She had promised “relentless positivity” as New Zealand’s prime minister. But five and a half years after taking office, it was an exhausted Jacinda Ardern who announced her resignation on Thursday.
• Also read: New Zealand: Prime Minister Ardern announces her resignation in February
The 42-year-old Labor MEP, who was elected Prime Minister in October 2017, has not been spared during her first term: the worst terrorist attack on record in New Zealand, a deadly volcanic eruption and, like elsewhere, the Covid-19 Pandemic.
“These five and a half years were the most fulfilling of my life. But there were also challenges to overcome,” Ms Ardern said on Thursday.
“I know what this job demands and I know I don’t have enough energy left to do it justice. It’s that simple,” she added, announcing her retirement.
Elected to lead the country at just 37, she became New Zealand’s youngest prime minister since 1856 and a symbol of liberalism.
During her campaign, the leader, buoyed by an impressive outpouring of sympathy, nicknamed “Jacindamania” by the media, had been compared to two other young leaders, French Emmanuel Macron and Canadian Justin Trudeau.
Fueled on 1 August 2017 at the helm of a beleaguered New Zealand opposition, Jacinda Ardern had given Labor an incredible rise in the polls and embodied the promise of generational change.
Shame on whoever claimed to have never thought of running for prime minister one day.
After winning a second term thanks to Labor’s landslide victory in the 2020 general election, Ms Ardern has seen her popularity decline in recent years for a number of reasons: deteriorating economic conditions, falling confidence in her government, resurgence of Conservative opposition.
And the stress she has experienced over the last few years has made her falter at times. In December, after a heated exchange with opposition leader David Seymour, his murmurs were caught by his microphone, always on: “What an arrogant asshole! »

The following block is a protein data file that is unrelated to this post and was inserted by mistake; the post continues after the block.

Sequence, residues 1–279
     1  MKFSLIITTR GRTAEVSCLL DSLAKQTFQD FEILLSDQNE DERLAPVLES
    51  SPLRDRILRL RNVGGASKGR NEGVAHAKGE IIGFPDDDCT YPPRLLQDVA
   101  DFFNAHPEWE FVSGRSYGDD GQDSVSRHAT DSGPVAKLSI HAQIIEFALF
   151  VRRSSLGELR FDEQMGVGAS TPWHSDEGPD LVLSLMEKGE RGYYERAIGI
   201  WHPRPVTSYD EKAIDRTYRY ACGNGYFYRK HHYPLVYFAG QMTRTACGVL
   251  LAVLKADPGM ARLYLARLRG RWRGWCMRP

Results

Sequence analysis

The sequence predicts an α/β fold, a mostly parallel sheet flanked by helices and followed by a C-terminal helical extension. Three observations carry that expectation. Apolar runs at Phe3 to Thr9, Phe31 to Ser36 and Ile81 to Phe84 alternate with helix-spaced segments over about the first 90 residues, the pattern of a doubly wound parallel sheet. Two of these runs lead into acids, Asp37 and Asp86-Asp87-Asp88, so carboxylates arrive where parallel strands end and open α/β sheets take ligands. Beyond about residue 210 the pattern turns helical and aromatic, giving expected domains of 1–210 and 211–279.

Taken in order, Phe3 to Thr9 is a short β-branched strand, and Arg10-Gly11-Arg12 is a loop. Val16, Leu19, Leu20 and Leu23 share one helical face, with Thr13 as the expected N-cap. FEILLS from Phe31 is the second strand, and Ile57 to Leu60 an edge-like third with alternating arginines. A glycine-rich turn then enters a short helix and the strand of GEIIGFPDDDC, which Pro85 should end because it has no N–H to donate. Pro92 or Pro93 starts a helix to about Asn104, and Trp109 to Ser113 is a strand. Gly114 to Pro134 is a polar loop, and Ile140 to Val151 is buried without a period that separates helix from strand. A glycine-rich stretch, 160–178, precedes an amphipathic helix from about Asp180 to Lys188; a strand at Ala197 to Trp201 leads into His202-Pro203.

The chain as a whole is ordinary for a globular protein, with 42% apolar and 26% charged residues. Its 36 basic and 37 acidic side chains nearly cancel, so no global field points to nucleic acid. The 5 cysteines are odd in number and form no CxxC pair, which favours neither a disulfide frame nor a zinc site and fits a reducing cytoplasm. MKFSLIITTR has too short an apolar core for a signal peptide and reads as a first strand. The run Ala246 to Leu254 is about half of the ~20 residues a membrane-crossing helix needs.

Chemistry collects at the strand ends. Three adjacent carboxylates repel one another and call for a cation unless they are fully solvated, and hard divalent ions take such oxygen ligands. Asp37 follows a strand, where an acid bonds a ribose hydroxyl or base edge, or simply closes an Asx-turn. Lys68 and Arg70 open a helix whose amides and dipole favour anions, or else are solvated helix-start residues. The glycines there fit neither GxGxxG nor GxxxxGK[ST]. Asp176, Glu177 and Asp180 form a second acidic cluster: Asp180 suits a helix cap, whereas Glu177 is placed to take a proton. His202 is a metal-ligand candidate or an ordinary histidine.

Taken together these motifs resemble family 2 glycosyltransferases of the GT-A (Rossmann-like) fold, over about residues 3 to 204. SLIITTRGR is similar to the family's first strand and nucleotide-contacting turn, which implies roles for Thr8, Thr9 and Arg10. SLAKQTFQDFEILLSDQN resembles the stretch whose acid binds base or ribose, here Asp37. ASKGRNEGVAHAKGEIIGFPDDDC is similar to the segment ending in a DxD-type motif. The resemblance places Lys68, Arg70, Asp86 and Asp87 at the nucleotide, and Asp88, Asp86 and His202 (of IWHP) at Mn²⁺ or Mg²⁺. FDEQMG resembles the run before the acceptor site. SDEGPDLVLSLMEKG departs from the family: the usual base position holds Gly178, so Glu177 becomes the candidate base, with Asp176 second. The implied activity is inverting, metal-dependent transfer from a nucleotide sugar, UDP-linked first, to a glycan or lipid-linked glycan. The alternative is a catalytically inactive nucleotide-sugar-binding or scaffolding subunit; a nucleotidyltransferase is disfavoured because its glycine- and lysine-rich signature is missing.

She’d made up for it with a healthy dose of self-mockery by auctioning off the parliamentary report containing the insult to raise funds for the fight against cancer.
Jacinda Ardern was born in Hamilton, 130km south of Auckland, in 1980 and says it was the poverty she saw in the North Island outback that helped shape her leftist beliefs.
The daughter of a police officer, she was raised in the Mormon faith, which she abandoned in the 2000s due to that church’s positions on homosexuality.
Thanks to an aunt, she was interested in politics at an early age and joined the working-class youth organizations. After her studies she worked for Prime Minister Helen Clark, then in London for Tony Blair.
“Everyone knows I just took the worst political job without warning,” she declared as she became the youngest leader in the Labor Party’s hundred-year history.
She didn’t think she would say it so well: Almost 18 months after taking office as Prime Minister, her country suffered a terrorist attack. A white supremacist opens fire at two mosques in Christchurch, killing 51 and injuring 40.
Ardern’s response has been celebrated around the world for her sensitivity, particularly when she wears a hijab while offering her condolences to Muslim families.
She was also praised for her strong political actions, including gun restrictions, and for her efforts to force social media giants to crack down on hate speech online.
Its health policy against the coronavirus, which prompted it to close the archipelago’s borders, was also well appreciated by New Zealanders.
During the coronavirus crisis, Ms Ardern has repeatedly urged New Zealanders to “show kindness” and called for a unified approach from what she calls a “team of five million”.